[00:03:55] So for instance let's say we wanna just start with a file menu, so you put an object we can label it file and then really there's initially like you could have, yeah, you have a sub menu let's do that. And here we'll do a label of open, right?

[00:04:15] And we got that in place and we'll start there, right? Actually, you know what we'll d click. We're gonna say do that show open dialogue. With this one, we'll get the focused window in this case. Typescripts very upset, like what if we don't have one? Okay, fine. And if there's no browser window.

[00:04:45] We could literally call, create window in this point and then point it there, which might be useful for Mac OS. So actually let's do that. Let's be better people than we want to be. The one thing I need to check is, does the create window that Electron Forge gave me out of the box return the window.

[00:05:09] It does not. This is a change I make every single time if I'm using the template in there, which is sometimes I'd like that window. If thank you for making it, I would like it, cool. So then we'll say that browser window. If there's no browser window, then we'll say, we can go get all the Windows.

[00:05:29] Let's go create one. Although, we'll get the reference immediately. Cool, and then we'll pass the browser window in there. Awesome, so if we have a browser window, it'll get the focused one. you could also, as you saw, there was a get all windows. We can get the first one from the array.

[00:05:55] So I guess there's a world where the app has a browser window that's not focused. Otherwise, I'm gonna say, if we don't have one, just go ahead and create me one and show me it. So what you would expect to see, and this is gonna be where we have fun time depending on what OS you're using, but generally speaking, we'll have a little bit of a different outcome depending on what OS you're using, right?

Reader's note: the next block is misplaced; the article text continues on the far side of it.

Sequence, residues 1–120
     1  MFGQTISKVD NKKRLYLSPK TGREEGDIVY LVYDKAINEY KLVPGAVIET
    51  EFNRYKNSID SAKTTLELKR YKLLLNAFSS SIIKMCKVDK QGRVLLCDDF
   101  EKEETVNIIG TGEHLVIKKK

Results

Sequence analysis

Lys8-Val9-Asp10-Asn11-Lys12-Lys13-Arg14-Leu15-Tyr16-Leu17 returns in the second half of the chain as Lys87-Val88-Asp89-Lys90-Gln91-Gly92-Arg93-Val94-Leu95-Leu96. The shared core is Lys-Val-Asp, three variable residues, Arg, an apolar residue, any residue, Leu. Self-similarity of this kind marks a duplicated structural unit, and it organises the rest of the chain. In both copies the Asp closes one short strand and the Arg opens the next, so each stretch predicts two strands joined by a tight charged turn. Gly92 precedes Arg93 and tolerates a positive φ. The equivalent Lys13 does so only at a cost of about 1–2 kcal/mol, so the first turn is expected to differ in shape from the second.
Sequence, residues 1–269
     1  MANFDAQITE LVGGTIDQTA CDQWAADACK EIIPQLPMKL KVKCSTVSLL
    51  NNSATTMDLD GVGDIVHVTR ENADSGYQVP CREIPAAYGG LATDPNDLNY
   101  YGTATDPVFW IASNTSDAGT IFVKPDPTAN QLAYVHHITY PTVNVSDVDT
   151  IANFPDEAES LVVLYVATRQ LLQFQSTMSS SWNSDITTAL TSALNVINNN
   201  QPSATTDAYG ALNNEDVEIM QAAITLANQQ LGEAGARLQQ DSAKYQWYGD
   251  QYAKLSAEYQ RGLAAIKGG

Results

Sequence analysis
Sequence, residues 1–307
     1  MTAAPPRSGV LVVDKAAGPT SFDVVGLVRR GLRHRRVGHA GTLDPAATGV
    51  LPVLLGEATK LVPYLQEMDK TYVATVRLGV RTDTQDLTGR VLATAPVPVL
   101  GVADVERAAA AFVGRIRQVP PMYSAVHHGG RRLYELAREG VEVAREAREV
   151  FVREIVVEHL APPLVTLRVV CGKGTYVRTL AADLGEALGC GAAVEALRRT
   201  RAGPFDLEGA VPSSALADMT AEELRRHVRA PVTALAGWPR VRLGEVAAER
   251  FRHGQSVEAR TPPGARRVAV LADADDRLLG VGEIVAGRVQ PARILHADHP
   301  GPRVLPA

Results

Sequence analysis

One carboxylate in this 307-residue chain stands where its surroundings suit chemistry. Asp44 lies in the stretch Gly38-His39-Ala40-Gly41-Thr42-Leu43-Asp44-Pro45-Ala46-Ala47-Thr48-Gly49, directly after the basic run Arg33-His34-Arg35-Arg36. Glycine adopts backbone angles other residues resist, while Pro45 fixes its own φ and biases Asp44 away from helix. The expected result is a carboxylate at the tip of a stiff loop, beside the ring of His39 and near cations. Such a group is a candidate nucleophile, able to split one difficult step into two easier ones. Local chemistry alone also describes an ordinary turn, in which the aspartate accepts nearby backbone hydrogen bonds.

[00:06:28] And so for my friends who are using Windows and Linux, everything's gonna go great. Everything's gonna be amazing. I'm gonna wait for the app. Do we need for the app to be ready? I don't know, we'll find out together. I think I don't need to wait for the app to be ready.

[00:06:46] But we'll say menu, setApplicationMenu to one that we just made from the template. And so what you expect to see is a file menu with an open, right? And if you are on Windows or Linux that is what you see. And if you are on Mac OS you don't.

[00:07:05] Because Mac OS the size of the first menu is always the name of the app. Right? So you end up with a does the thing that you expect it is the correct thing under the hood it should be called file but Mac OS has a slightly odd behavior where it expects that the first one is named after the app regardless of what you've named it.

[00:07:27] So that is one tiny thing that you need to do, which is, if process platform is Darwin and you could theoretically make a function called is Mac, which just does that for you if you never wanna think about that again. You do the template and then you unshift.

[00:07:47] Unshift, which is yeah, no pop quiz on this one unshift, put something on the front of the array, something you'd never wanted to do until like today, right? And so we have the app name. We'll start with that for now. And we'll get that in place. Cool, so now we've got that Mac OS specific tweak there, template.

[00:08:10] Cuz turns out the order in which you modify arrays is important. If you use the array and then mutate it, it didn't matter. Awesome, so we've got file, we've got electron, there's no menu there. But a fun fact is I can't copy that. I can't copy any text in here.

[00:08:36] Why?
>> Because we haven't told it how hotkeys work.
>> I don't have a copy. I don't have an edit menu anymore. That has Command C. So I can't copy. I can't paste. I can't select all. I can't do anything, because all of those menu items are gone, right?